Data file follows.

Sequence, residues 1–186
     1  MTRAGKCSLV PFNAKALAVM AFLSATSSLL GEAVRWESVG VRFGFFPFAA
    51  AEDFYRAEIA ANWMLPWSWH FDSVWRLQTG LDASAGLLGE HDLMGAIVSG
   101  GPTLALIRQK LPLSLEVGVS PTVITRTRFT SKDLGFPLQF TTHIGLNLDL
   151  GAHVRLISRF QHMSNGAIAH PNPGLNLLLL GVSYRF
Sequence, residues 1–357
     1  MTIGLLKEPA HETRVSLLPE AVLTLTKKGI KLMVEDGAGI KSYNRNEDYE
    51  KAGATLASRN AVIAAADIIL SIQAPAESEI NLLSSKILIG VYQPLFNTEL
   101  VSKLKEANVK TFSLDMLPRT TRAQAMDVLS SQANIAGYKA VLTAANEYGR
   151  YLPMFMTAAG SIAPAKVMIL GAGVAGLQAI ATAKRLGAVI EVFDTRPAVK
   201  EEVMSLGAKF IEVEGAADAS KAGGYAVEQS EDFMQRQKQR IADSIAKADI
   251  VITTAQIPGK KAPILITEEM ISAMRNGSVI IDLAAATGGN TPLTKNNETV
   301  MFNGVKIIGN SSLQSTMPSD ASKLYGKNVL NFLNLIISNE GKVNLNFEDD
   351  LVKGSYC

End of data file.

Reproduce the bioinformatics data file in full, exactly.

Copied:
Sequence, residues 1–186
     1  MTRAGKCSLV PFNAKALAVM AFLSATSSLL GEAVRWESVG VRFGFFPFAA
    51  AEDFYRAEIA ANWMLPWSWH FDSVWRLQTG LDASAGLLGE HDLMGAIVSG
   101  GPTLALIRQK LPLSLEVGVS PTVITRTRFT SKDLGFPLQF TTHIGLNLDL
   151  GAHVRLISRF QHMSNGAIAH PNPGLNLLLL GVSYRF
Sequence, residues 1–357
     1  MTIGLLKEPA HETRVSLLPE AVLTLTKKGI KLMVEDGAGI KSYNRNEDYE
    51  KAGATLASRN AVIAAADIIL SIQAPAESEI NLLSSKILIG VYQPLFNTEL
   101  VSKLKEANVK TFSLDMLPRT TRAQAMDVLS SQANIAGYKA VLTAANEYGR
   151  YLPMFMTAAG SIAPAKVMIL GAGVAGLQAI ATAKRLGAVI EVFDTRPAVK
   201  EEVMSLGAKF IEVEGAADAS KAGGYAVEQS EDFMQRQKQR IADSIAKADI
   251  VITTAQIPGK KAPILITEEM ISAMRNGSVI IDLAAATGGN TPLTKNNETV
   301  MFNGVKIIGN SSLQSTMPSD ASKLYGKNVL NFLNLIISNE GKVNLNFEDD
   351  LVKGSYC